Design degree and the first design job
I started out as a website designer when I first entered the design world post-university (Bachelor of Applied Sciences w/ Hons) at a SaaS company called JobAdder based in Sydney, Australia.
These guys were seriously disrupting the recruitment industry, much like Xero at the time. They were taking laborious ‘follow-up’ work and automating it for recruiters – cool!
Working on a piece of software that had 5000 daily active users, I soon realised I was less fascinated with the visual appeal of websites and more obsessed with how complex web applications functioned.
- Does the flow of the interface make sense for new users?
- Where’s the information hierarchy – can I find what I need easily?
- What’s the primary action we’re wanting the user to take here, and conversely, what are they actually trying to achieve at any given moment?
Over time I learned to understand user problems at their root well before getting onto crafting solutions. How can we design solutions to problems we don’t first understand?
I really enjoyed my time at JobAdder, but my curiosity came calling after only 12 months of living in Sydney…
Jumping ship to startup life
A few of my tech-minded friends back in Melbourne had an idea for a business and needed my design and user expericence skills.
The concept was essentially identical to what’s now known as medium.com – a blog network of sorts around sharing cool stories. This was all very well, except we were building it from scratch with next to no money (in comparison to Medium’s millions) and learning how to run a business at the same time (Read more about this on StartupSmart).
Not only was I designing the interface and mapping out user flows each day, I was also appointed to steer the company, raise our seed rounds and handle all ends of the business alongside my co-founder.
It was a wild ride of exceptional highs and the lowest of lows.
Over 18 months we had conceptualised and built one of the most complex front and backend platforms at the time – but as any entrepreneur will tell you – just shipping an idea is not enough. With dwindling numbers and a struggle to grow, we run out of cash and had no option but to close the doors.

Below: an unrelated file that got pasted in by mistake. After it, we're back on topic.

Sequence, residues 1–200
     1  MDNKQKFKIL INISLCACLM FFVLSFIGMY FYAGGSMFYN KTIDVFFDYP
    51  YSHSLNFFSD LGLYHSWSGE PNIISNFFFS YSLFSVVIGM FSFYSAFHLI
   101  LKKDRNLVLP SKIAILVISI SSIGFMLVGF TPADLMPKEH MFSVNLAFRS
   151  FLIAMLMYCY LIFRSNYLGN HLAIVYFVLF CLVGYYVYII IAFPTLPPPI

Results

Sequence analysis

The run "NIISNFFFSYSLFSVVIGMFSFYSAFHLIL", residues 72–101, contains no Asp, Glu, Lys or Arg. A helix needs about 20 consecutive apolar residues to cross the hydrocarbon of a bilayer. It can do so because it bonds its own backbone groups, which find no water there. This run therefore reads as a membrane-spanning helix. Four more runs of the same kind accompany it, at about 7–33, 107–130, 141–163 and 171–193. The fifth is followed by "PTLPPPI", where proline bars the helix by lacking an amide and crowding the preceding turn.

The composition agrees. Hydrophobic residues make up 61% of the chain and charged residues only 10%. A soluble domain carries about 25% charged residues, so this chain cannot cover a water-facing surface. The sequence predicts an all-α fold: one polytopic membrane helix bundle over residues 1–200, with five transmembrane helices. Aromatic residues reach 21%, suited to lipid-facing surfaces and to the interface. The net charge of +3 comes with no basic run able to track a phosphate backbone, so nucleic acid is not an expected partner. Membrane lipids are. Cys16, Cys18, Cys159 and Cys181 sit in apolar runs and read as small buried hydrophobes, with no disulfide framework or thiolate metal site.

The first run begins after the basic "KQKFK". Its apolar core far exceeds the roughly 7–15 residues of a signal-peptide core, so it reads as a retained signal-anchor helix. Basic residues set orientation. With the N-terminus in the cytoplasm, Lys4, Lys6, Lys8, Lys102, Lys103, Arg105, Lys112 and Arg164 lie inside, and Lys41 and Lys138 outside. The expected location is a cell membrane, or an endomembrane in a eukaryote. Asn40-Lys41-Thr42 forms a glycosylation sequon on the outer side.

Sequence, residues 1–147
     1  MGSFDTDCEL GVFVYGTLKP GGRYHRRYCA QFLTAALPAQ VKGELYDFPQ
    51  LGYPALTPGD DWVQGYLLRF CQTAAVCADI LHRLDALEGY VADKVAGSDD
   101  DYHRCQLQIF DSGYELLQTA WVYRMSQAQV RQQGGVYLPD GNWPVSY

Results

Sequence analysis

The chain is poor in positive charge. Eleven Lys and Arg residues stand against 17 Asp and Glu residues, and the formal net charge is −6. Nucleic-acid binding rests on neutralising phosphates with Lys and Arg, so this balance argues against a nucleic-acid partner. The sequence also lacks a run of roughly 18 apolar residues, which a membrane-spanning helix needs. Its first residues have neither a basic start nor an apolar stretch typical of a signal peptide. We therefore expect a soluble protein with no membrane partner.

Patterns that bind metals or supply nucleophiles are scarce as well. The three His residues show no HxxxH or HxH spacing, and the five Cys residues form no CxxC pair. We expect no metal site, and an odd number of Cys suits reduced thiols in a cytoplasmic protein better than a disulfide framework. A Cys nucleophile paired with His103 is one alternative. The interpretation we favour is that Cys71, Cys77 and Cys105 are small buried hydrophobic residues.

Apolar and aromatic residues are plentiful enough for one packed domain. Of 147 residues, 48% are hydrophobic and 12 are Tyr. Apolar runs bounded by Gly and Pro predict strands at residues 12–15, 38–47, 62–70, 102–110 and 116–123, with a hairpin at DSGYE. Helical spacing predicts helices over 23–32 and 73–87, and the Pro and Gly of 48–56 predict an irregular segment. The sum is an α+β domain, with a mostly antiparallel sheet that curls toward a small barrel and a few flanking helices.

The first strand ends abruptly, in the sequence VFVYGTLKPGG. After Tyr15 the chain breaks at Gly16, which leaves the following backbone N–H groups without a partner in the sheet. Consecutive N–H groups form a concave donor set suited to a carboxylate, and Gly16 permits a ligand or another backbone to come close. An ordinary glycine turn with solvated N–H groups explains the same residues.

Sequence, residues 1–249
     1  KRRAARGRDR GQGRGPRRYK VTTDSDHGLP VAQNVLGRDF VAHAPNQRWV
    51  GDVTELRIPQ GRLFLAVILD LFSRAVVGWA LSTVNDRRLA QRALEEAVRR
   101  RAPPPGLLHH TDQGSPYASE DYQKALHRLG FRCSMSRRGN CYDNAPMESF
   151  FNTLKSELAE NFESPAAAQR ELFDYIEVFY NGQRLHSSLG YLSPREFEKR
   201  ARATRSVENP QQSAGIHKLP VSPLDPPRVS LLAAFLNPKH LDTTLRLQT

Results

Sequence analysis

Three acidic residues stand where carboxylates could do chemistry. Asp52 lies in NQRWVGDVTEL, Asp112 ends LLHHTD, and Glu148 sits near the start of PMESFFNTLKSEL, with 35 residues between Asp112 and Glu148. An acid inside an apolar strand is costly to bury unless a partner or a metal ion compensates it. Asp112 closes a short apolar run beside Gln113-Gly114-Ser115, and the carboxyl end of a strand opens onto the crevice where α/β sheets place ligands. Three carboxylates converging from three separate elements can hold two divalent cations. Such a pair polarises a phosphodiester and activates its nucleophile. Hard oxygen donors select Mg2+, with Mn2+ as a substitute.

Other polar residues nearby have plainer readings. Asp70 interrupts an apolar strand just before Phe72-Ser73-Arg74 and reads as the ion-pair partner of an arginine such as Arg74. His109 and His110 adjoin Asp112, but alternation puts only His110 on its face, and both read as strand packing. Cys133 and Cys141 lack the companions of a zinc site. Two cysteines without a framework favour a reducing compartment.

In hindsight, the exposure to startup life, running a business and the skills I learn’t from it were invaluable to where I find myself today.
Unique Value Proposition
Without coming across as a narcissist – I believe it’s my ability to bring a multi-faceted, hands-on and practical approach to any design team that sets my apart from your average joe designer.
Where some obsess over the small pixels and minute details, I’m able to see the bigger picture and realise that releasing a well rounded skateboard, is better than a half-finished sports car with all the bells and whistles. Focus on the core issues, deliver solutions to those first, then improve with delight.
Any good product is also about balance – it’s got to look and feel amazing, but at the same time pay the bills and entice growth. Harnessing the two can be difficult, but it’s part of the fun.
Nowadays I’m leading a team of UI / UX Designers and looking after a large set of products under the WPMU DEV brand. While I still get to design things daily (yay), most of my value is spent advising on user experience issues, and managing the high-level direction of our product suite.
A couple of awards I’ve snagged:
- 2017 & 18 – Smush (one of my plugin designs) won the top prize at Torque Plugin Madness competition two years running.
- 2013 – Named a Future Maker by StartupSmart
- 2009 – Received Annie Aiken Memorial Award for highest-achievement in BAppSc.
- 2008 – Won Best Use of Design Award at National Business Review Audacious Business Competition
Thanks for listening,